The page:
7 Mississippi Museum of Natural Science
The Mississippi Museum of Natural Science offers visitors the unique opportunity to learn about the natural world through detailed exhibits and experience it firsthand by exploring the museum grounds, which are located in Le-Fleur’s Bluff State Park. Within the museum, visitors will find information about Mississippi’s wildlife and its many habitats. One of the most impressive is the 100,000-gallon aquarium, which houses more than 200 native species, as well as a swamp habitat that sits inside a huge greenhouse. Other exhibits include a large fossil collection and an extensive look at native white-tailed deer.
Location: Off Lakeland Drive at Interstate 55 in Northeast Jackson, Mississippi within Le-Fleur’s Bluff State Park
8 Elvis Presley Birthplace & Museum
On January 8, 1935, Elvis Presley was born in a two-room house that was built by his father in Tuple, Mississippi. The home has been preserved and is open for fans to see it as it was during his childhood, complete with period furnishings. Elvis’s interest in music was sparked as a young boy, listening to gospel music in church, and the chapel that his family attended has been relocated to the same property for fans to appreciate. Visitors will also find a museum that chronicles the King’s early life, as well as a gift shop full of Elvis-themed souvenirs.
9 Rock & Blues Heritage Museum
The Rock & Blues Heritage Museum in Clarksville has a wide variety of music memorabilia from 1905 through the 1970s, with a focus on the evolution of Blues and Rock n’ Roll. One of the most impressive aspects is the museum’s collection of original records, dating back to a 1905 Edison phonograph and cylinders and several examples of 1920s 78 rpm acetate records. Here, you can also find what is considered the world’s first rock ‘n’ roll record, Ike Turner’s Rocket 78, which was recorded in Clarksville. Other original vinyls include the 1956 Shake, Rattle and Roll and Rock Around the Clock. The museum also has several guitars autographed by music legends like Chuck Berry, B.B. King, the Doors’ Rob Besieger, and Led Zeppelin’s Robert Plant and Jimmy Page. Other memorabilia includes interesting artifacts, like The Who’s contract to play Woodstock and ticket stubs form the concert, Beach Boys stage props, and original sheet music. There is also an exclusive “British Invasion” exhibit, which features Beatles memorabilia and rare items, like John Lennon’s Dutch “Bag One” lithographs.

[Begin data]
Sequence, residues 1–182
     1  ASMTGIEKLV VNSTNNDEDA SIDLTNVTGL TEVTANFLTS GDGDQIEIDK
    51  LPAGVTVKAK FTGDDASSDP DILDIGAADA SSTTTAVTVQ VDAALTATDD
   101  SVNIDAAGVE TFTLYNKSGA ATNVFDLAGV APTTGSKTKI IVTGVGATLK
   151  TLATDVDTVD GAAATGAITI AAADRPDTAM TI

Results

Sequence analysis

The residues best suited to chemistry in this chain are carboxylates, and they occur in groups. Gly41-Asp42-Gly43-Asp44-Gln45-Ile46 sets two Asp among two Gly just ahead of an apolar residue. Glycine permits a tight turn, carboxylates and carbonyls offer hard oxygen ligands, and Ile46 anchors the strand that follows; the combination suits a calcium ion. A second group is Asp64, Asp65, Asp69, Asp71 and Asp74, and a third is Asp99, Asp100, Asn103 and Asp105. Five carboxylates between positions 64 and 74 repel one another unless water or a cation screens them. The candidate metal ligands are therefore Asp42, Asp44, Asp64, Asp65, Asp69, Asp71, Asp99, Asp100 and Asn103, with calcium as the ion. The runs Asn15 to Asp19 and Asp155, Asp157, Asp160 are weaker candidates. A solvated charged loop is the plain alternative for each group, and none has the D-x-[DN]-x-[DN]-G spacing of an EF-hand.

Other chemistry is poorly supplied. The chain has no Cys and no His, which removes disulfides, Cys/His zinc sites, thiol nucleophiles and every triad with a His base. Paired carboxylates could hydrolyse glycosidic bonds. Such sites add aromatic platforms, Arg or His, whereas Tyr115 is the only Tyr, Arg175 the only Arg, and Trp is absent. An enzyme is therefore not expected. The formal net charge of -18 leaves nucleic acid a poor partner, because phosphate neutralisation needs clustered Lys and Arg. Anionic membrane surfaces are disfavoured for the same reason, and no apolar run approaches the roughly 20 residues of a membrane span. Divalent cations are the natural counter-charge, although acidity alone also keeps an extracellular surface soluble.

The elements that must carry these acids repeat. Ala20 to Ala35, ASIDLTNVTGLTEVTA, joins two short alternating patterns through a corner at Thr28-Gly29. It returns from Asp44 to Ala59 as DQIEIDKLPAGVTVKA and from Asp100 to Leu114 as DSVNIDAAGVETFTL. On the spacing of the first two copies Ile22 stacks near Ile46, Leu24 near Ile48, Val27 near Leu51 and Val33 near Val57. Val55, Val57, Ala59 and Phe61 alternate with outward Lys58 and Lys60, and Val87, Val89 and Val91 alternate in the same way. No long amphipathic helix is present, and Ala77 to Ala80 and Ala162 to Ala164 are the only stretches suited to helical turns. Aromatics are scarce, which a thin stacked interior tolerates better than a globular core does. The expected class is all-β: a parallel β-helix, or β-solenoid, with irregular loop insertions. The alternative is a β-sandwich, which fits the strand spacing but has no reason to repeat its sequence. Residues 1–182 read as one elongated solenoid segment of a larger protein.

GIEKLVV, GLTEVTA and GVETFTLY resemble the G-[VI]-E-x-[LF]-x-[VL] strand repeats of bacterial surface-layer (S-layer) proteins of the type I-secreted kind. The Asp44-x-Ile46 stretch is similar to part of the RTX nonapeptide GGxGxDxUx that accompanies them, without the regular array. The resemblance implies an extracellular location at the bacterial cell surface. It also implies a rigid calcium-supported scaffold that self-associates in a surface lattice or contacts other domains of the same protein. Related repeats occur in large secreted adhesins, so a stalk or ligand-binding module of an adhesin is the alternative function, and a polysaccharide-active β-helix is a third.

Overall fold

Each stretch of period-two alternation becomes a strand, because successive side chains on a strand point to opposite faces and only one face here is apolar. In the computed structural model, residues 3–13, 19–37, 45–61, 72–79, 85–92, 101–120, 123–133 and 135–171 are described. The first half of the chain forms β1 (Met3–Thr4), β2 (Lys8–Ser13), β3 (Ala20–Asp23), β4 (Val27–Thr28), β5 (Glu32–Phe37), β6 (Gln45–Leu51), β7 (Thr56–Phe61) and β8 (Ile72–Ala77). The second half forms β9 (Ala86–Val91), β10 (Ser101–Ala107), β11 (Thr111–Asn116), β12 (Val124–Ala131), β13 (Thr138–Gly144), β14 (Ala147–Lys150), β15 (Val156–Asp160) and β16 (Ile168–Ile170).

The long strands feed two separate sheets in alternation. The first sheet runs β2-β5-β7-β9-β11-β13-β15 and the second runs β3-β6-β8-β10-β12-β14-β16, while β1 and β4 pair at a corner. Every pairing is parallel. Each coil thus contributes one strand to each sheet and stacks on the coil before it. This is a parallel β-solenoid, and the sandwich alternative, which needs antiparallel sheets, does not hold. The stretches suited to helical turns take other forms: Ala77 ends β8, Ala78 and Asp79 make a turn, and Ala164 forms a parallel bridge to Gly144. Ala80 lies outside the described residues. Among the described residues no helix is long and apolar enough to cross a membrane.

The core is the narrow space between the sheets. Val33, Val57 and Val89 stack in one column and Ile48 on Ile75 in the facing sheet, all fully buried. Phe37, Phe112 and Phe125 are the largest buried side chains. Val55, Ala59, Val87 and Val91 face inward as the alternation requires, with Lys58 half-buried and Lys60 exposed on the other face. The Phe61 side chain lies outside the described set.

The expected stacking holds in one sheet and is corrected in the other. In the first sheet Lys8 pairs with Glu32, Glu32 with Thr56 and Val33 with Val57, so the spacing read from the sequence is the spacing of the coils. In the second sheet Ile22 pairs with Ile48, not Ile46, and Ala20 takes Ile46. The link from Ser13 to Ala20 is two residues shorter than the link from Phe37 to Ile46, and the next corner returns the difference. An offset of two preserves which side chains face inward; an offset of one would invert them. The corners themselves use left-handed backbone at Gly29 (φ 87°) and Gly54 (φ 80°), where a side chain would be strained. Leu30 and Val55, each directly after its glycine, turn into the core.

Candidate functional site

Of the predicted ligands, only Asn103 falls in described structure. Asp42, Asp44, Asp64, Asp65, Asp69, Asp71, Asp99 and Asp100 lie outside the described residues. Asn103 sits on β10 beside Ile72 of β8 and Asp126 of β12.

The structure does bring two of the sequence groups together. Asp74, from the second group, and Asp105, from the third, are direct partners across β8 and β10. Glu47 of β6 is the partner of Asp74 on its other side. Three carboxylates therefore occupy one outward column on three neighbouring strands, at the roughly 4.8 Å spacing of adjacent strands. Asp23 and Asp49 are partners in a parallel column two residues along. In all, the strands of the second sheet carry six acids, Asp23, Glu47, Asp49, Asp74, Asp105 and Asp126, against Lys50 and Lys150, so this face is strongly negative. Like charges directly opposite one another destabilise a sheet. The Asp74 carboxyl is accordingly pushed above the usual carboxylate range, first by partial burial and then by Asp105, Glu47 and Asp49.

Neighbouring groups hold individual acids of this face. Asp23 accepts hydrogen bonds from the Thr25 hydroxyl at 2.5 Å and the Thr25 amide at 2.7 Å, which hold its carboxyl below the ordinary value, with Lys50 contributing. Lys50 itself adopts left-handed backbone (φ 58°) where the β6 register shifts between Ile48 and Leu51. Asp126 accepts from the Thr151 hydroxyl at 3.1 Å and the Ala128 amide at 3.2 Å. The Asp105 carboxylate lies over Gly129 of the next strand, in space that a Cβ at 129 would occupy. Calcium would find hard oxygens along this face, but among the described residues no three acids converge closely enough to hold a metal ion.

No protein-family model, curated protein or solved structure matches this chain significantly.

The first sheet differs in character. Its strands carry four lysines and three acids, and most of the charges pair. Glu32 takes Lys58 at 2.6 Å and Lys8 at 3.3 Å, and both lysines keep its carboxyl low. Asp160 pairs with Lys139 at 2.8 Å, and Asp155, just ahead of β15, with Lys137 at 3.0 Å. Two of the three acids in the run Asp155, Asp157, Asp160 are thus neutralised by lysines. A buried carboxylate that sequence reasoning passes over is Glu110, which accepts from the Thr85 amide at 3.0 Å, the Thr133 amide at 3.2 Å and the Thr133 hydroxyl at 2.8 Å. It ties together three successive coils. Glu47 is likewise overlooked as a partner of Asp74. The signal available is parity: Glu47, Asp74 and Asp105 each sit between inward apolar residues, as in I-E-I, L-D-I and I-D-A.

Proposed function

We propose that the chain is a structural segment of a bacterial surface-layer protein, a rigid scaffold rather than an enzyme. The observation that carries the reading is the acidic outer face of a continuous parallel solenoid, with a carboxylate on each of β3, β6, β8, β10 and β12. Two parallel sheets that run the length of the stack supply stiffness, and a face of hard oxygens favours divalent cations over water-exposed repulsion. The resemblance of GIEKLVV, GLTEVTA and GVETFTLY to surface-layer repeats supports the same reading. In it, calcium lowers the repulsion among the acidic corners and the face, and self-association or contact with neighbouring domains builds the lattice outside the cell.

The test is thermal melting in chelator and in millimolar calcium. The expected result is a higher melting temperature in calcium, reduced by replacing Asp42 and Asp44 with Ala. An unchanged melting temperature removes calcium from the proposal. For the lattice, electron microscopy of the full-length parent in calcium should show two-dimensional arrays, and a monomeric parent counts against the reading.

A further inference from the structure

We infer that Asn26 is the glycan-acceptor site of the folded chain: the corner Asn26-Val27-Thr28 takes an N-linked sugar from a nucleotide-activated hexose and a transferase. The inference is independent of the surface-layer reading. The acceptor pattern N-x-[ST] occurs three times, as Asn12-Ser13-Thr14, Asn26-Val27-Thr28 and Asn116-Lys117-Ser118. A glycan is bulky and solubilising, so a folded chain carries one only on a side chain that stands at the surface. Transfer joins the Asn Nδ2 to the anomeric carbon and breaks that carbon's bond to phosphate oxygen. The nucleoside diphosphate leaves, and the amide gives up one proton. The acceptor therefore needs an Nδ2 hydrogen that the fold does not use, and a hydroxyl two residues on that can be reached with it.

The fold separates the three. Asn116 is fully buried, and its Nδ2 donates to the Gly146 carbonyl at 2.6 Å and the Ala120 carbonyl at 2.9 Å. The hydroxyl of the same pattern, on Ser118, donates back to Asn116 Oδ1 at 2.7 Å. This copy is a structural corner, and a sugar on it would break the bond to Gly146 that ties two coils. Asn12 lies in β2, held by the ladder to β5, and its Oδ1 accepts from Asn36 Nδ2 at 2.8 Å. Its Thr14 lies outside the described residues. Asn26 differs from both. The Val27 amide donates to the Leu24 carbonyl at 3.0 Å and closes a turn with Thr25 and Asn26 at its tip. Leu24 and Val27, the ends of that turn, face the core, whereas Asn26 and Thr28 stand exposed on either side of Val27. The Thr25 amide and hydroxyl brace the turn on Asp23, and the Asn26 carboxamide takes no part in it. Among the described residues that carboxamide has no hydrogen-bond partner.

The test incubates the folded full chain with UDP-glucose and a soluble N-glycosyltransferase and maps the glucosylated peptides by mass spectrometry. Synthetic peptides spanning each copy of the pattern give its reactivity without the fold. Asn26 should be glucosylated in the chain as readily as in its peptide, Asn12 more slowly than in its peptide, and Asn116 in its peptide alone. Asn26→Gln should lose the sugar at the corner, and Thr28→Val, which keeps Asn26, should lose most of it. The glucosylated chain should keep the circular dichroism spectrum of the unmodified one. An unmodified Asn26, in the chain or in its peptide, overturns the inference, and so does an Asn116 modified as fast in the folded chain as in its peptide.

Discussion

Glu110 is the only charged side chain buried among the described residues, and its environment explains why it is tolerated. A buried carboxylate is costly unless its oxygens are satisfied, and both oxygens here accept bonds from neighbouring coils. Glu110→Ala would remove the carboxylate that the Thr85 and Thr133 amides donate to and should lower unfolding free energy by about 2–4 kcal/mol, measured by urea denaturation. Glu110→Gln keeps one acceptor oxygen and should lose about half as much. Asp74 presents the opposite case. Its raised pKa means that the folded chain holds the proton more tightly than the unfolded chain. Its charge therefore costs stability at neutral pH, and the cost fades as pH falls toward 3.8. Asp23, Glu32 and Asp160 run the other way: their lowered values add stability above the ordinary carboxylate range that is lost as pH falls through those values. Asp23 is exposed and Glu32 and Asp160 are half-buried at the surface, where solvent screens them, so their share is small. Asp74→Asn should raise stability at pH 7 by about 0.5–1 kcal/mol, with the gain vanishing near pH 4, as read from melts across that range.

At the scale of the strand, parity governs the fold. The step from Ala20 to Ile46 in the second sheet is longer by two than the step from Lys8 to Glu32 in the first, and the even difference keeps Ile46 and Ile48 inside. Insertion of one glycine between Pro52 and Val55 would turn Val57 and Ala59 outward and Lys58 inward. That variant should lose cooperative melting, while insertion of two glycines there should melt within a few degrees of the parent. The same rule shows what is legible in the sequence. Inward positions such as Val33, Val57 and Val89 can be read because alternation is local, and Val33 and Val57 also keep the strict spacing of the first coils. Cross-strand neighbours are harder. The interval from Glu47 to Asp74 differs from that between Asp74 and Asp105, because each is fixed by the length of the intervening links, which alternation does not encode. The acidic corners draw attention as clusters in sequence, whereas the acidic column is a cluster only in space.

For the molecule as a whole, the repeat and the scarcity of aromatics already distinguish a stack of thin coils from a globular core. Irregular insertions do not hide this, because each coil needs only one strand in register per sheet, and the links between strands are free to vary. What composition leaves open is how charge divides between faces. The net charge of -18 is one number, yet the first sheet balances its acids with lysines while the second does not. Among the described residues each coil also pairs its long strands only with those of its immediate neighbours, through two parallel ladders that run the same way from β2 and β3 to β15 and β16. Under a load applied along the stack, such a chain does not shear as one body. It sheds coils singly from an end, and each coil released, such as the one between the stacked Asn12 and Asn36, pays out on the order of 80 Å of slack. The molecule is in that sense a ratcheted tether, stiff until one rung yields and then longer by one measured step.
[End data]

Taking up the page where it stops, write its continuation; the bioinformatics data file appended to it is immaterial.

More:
10 Natchez Trace Parkway
The Natchez Trace Parkway follows a route once used by Native Americans, stretching for 444 miles from Natchez, Mississippi through Alabama to Nashville, Tennessee. It is a popular scenic route for sightseeing, with plenty of things to do and see along the way. Among the most popular tourist attractions are numerous prehistoric mounds and archaeological sites, scenic lookouts, and historic points of interest like the Tuple and Bries Cross Roads battlefields. The Parkway is also a designated bicycle route with incredible views and photo opportunities. Official site: